Melania Trump, a former fashion model who studied art and design, has long been more comfortable in the role of hostess-in-chief than in policy influencer. She has more enthusiastically embraced duties of presenting the White House to visitors, personally choosing the decor of her first state dinner in April and taking an interest in the minutia of the executive mansion’s operations.

Last month, she tweeted an image of herself in her comfort zone; in the photo she is wearing a crimson dress and is poring over what appear to be samples of holiday decor, including a sprig of berries the same shade as her frock.

“Planning is underway for this year’s #Christmas at the @whitehouse!” she wrote in the caption. “There is still a lot of work to be done, but I hope everyone will enjoy our final holiday vision for the People’s House.”

(Except for the headline, this story has not been edited by NDTV staff and is published from a syndicated feed.)

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After Her Husband Criticises Basketball Star, Melania Trump’s Response

Melania seems unaffected by her husband’s view and is considering visiting the school that James opened

New York: 

First Lady Melania Trump contradicted her husband Donald Trump a day after United States President slammed basketball star LeBron James for his charity work.

Melania’s spokeswoman told the CNN that she is supportive of James’ work for the children.

“It looks like LeBron James is working to do good things on behalf of our next generation and just as she always has, the First Lady encourages everyone to have an open dialogue about issues facing children today,” Stephanie Grisham said.

Grisham made the remark hours after the US president took to his Twitter handle to slam James for his statement made during an interview with CNN, where the NBA superstar said he wouldn’t sit across the President if given the opportunity.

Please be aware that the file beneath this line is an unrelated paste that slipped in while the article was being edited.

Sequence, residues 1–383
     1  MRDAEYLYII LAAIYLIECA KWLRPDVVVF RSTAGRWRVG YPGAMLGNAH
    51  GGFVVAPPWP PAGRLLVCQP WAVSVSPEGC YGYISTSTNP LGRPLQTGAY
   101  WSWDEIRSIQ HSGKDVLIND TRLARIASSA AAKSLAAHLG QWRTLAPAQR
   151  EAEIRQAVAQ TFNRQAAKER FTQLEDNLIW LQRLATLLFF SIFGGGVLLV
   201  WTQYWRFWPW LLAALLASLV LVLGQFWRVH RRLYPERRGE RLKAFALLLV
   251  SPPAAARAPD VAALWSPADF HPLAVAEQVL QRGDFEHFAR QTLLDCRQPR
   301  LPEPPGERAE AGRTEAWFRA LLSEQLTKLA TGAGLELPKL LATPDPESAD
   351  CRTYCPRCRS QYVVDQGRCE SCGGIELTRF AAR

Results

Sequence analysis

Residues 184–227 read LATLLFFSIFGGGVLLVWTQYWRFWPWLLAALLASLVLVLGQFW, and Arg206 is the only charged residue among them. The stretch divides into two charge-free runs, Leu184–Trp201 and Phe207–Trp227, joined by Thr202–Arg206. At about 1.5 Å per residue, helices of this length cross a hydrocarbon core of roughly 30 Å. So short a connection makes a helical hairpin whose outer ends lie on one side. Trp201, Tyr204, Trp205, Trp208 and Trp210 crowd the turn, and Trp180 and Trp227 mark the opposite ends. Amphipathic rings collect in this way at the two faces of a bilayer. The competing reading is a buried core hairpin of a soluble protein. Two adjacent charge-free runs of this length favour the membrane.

Responding to the same, Trump even questioned James’ intellectual capacity.

Melania seems unaffected by her husband’s view and is even considering visiting the school that James opened in Ohio.

“[The first lady’s] platform centres around visiting organizations, hospitals and schools, and she would be open to visiting the I Promise School in Akron,” said Grisham.

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As US President Donald Trump Tears Up UK-US Ties, First Lady Melania Trump Makes Paper Flowers

First Lady helps mingles with the children in the event.

London, United Kingdom: 

With her husband busy plunging UK-US relations to new lows, Melania Trump took time out during the couple’s four-day visit to Britain on Friday to meet veterans and make paper flowers with schoolchildren.

The First Lady also played a game of bowls, engaging with gusto despite being in high heels, as she took part in a spouses’ event hosted by British Prime Minister Theresa May’s husband Philip.

The pair met as US President Donald Trump held talks and a working lunch with May at her country retreat of Chequers, after excoriating her Brexit strategy.

The visit took place at London’s Royal Hospital Chelsea, which has housed British veterans since the 17th century and is now home to around 300 former soldiers, known for their red uniforms and black caps.

Around a dozen children from a local school egged on Melania Trump and Philip May as they played bowls, waving British and US flags.

During the game, the First Lady high-fived a bemused-looking veteran.


Melania Trump gives a high-five to one of the veterans.

She also helped the children as they assembled paper poppies in memory of fallen soldiers from World War I, and listened on as they asked the pensioners questions.

The event lasted around an hour and the pair avoided all questions.

(Except for the headline, this story has not been edited by NDTV staff and is published from a syndicated feed.)